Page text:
Tuesday, September 22, 2015

Black Mass: Cops and Gangsters, Caught in a City's Undertow

Johnny Depp stars as Whitey Bulger in "Black Mass"
James Whitey Bulger was one of the most notorious mobsters in United States history. What, don't believe me? Just watch Black Mass, a movie that repeatedly and insistently trumpets Bulger's legendary place in American gangster lore at every shrill turn. It features no shortage of people, whether harried law enforcement agents or cowed criminal cohorts, braying about Bulger's illegal exploits and moral contemptibility. Yet the oddest thing about this adequately entertaining movie, which was directed in workmanlike fashion by Scott Cooper and features a dream-team cast, is that for all its vociferous proclamations, it reveals very little about who Bulger was, what he did, or how he eventually became one of the country's most wanted fugitives. Yes, he kills a few people over the course of the film, and he threatens a few others, and he certainly seems very mean. But to the extent that he ruled Boston's underworld for two decades as the leader of the Winter Hill Gang, well, you'll just have to take Black Mass at its word. It presents a litany of testimony swearing to Bulger's evil, but therein lies its flaw: It tells, but it does not show.

This does not mean that there is nothing to see. To begin with, there is the unforgettable sight of a blue-eyed Johnny Depp. Those eerie cerulean irises (the product of contact lenses), along with slicked-back pale-blond hair and prosthetically rotted teeth, combine to give 2009's sexiest man alive a truly frightening countenance. And while one might quibble with the subtlety of Depp's performance as Bulger—which is to say, there is none—it is impossible to deny the ferocious commitment he brings to the role. Often the target of critical ridicule for his unfettered flamboyance (which can, of course, yield spectacular results), he is all business here, those unblinking, alien blues teaming with a snarling Beantown monotone that befits Bulger's blunt, monolithic persona. He rarely raises his voice, but he is always threatening, whether he's coolly berating an underling or, in the film's most quietly terrifying scene, exerting his will over a colleague's wife. He is not someone you wish to cross.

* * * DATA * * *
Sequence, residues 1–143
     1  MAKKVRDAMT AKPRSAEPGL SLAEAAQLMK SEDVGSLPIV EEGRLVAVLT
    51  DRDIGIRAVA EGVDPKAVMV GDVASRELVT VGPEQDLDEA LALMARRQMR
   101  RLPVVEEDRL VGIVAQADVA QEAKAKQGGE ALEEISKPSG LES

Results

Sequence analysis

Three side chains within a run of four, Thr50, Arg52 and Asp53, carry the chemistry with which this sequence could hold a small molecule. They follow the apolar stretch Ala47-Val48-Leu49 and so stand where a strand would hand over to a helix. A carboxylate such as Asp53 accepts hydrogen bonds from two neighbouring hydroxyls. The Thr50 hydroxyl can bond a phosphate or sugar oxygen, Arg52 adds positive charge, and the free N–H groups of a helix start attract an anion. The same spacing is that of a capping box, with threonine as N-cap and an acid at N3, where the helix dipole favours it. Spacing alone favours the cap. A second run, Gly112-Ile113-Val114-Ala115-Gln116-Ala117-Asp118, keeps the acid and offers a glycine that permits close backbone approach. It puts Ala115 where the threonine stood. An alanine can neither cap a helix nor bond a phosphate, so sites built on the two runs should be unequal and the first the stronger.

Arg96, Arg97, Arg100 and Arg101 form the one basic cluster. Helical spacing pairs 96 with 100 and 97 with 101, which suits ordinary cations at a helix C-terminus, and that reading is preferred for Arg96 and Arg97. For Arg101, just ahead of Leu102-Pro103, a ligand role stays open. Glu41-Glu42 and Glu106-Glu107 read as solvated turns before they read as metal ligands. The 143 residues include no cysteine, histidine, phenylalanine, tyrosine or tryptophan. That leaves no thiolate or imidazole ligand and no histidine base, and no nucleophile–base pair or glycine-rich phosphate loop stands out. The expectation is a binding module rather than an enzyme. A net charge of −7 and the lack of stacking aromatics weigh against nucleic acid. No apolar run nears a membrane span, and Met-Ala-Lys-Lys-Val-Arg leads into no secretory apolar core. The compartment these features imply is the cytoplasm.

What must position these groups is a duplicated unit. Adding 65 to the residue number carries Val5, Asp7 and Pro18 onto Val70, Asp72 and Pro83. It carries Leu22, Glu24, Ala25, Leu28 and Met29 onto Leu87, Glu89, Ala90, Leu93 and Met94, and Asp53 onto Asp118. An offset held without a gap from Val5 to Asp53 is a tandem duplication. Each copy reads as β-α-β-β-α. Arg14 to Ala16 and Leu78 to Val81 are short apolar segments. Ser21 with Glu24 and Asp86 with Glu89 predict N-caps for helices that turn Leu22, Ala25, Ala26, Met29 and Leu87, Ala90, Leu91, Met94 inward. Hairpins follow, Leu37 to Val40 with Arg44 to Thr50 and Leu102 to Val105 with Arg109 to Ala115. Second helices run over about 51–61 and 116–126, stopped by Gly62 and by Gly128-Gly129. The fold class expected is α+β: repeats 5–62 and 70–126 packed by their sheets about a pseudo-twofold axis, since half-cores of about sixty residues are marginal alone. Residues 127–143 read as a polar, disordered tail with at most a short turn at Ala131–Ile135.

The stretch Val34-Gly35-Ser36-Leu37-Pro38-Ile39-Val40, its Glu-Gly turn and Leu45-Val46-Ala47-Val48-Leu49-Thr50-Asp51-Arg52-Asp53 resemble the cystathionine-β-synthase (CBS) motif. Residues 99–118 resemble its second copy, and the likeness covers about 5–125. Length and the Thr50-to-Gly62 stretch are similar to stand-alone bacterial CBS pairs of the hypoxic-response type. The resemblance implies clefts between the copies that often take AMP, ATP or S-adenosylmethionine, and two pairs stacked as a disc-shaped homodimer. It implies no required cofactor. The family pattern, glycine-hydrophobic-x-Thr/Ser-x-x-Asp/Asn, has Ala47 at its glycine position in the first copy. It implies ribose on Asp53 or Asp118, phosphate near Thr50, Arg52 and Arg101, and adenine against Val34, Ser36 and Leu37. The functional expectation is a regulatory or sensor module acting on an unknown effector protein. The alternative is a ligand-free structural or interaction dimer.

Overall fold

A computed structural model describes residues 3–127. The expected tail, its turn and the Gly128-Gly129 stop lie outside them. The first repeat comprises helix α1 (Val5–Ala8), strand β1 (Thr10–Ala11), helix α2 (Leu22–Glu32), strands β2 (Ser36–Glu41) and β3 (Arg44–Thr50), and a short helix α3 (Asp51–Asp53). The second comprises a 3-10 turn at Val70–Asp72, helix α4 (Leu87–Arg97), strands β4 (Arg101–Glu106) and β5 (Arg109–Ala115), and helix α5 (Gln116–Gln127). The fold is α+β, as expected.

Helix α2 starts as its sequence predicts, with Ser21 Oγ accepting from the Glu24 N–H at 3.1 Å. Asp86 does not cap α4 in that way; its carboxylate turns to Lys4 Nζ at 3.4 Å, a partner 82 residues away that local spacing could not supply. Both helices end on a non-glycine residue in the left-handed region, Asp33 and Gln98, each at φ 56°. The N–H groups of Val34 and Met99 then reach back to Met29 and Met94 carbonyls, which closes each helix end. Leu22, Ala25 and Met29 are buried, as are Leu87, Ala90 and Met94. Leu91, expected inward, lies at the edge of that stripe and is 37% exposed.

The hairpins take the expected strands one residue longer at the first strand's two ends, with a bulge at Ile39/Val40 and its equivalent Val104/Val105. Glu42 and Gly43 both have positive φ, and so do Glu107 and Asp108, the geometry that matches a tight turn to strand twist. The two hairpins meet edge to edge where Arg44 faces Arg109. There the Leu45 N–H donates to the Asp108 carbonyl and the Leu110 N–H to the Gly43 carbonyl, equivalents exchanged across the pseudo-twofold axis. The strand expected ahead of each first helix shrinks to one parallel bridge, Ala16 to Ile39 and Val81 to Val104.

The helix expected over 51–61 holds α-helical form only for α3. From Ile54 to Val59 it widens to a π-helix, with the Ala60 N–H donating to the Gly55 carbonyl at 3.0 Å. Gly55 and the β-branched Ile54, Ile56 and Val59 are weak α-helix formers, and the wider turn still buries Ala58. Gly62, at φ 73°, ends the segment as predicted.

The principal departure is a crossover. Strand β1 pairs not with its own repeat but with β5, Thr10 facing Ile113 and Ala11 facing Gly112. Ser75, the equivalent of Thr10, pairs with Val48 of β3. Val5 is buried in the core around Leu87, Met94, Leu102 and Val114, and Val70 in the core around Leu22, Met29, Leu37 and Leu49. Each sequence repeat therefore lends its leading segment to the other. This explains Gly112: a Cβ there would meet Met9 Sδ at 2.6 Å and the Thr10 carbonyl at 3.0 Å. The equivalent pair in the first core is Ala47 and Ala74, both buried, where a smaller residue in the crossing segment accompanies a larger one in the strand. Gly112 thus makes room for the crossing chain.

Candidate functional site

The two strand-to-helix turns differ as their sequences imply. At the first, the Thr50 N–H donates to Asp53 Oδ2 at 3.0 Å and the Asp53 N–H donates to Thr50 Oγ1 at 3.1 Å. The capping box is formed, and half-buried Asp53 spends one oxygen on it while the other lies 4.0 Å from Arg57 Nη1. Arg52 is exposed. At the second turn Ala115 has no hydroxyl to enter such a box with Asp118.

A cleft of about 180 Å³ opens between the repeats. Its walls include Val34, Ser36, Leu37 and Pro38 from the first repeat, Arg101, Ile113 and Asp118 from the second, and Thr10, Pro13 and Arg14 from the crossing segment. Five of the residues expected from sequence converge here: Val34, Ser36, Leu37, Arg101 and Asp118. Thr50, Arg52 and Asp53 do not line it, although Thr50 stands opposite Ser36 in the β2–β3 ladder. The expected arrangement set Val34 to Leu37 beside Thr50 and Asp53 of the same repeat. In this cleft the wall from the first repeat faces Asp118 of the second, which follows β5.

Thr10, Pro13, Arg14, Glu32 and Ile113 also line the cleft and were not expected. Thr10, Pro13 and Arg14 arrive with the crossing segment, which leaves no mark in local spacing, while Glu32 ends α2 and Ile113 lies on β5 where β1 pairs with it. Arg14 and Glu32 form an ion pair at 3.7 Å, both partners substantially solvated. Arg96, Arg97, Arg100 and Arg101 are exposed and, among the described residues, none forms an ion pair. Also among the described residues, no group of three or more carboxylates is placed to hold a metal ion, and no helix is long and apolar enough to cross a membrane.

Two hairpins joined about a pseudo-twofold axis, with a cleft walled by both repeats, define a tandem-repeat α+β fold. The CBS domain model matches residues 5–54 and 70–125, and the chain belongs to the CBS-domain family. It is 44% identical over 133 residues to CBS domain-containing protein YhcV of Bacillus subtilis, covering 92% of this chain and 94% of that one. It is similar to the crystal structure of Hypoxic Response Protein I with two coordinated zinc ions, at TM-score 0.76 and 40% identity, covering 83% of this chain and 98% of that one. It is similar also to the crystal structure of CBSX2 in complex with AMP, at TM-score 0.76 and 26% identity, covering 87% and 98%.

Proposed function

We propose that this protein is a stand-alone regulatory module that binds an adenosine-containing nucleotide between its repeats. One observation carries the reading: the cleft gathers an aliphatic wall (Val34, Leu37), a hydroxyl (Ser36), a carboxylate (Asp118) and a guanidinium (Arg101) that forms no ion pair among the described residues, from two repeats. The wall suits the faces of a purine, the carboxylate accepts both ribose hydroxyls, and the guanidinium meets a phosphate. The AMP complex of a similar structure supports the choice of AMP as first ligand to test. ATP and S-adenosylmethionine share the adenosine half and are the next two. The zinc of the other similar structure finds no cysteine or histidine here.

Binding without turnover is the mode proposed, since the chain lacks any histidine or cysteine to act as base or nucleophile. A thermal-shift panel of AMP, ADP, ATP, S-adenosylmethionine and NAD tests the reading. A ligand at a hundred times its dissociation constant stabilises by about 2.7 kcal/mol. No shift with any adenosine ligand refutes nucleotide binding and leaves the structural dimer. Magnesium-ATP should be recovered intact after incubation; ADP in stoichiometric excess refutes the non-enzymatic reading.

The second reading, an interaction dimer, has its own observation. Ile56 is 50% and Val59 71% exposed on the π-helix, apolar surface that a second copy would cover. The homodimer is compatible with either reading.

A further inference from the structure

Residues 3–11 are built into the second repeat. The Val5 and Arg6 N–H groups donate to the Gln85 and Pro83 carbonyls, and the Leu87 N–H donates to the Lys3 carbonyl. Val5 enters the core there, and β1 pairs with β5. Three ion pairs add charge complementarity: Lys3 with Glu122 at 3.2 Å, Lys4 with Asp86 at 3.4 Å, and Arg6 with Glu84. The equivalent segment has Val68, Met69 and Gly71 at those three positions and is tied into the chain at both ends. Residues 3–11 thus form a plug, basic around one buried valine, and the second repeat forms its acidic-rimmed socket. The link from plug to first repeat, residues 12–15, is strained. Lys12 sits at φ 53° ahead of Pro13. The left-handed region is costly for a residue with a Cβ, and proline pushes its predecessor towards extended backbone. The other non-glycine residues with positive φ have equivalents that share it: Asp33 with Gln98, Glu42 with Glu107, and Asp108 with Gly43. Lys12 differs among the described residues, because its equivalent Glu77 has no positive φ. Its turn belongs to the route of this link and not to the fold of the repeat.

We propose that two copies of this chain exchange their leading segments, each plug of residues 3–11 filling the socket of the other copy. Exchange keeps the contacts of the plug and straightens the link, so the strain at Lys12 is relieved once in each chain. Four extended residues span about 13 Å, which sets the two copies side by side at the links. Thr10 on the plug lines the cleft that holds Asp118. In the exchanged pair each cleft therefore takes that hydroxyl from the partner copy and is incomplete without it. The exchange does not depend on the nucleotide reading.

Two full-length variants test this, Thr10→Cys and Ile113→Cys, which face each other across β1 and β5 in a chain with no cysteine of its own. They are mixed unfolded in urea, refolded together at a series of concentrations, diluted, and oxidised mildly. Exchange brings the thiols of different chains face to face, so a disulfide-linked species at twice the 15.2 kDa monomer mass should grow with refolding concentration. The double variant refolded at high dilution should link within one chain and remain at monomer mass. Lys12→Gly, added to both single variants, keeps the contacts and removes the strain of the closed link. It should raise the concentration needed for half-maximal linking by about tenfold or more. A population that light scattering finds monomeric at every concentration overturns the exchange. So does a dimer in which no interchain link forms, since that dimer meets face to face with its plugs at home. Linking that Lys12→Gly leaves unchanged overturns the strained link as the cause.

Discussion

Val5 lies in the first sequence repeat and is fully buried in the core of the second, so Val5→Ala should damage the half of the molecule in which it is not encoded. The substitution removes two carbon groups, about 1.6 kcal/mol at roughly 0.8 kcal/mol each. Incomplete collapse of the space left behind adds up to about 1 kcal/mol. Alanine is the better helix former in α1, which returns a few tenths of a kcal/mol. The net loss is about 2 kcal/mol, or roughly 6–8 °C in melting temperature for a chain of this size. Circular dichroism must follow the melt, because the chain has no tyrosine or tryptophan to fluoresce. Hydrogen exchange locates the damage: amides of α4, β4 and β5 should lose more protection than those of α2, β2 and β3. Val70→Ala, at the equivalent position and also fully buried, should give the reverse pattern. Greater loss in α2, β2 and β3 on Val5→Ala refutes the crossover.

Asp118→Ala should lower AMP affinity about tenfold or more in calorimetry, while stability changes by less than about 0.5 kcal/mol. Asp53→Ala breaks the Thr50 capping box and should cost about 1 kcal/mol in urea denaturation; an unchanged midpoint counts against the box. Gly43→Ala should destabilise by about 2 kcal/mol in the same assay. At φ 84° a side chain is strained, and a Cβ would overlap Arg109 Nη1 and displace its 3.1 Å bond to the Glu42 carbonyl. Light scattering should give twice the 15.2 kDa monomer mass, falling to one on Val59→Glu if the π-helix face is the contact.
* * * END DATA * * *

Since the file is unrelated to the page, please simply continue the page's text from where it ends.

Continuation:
Crossing Bulger is exactly what several characters do in Black Mass, which delivers exposition via an ungainly framing device, in which a DEA agent named Olsen (Lonnie Farmer) interviews the crime lord's confederates-turned-informants. These scenes, in which the camera alternates between static close-ups of Olsen and his various subjects, conform to a frustratingly rigid blueprint: Olsen asks a direct question about Bulger ("Was Whitey in Florida that day?" "Who was with him?"), and the informer provides a one-word answer ("Yes." "John."). Cut to the event in question, return to the interview room, repeat. As far as expository devices go, this one is admittedly more visual than the typical voiceover, but it's still hopelessly inert, and it sucks all of the energy right out of the theater. Condensing 20 years of Bulger's misdeeds into a feature film was undoubtedly challenging (screenwriters Mark Mallouk and Jez Butterworth have attempted to adapt a book by Dick Lehr and Gerard O'Neill), but the interrogation gimmick only underscores that difficulty.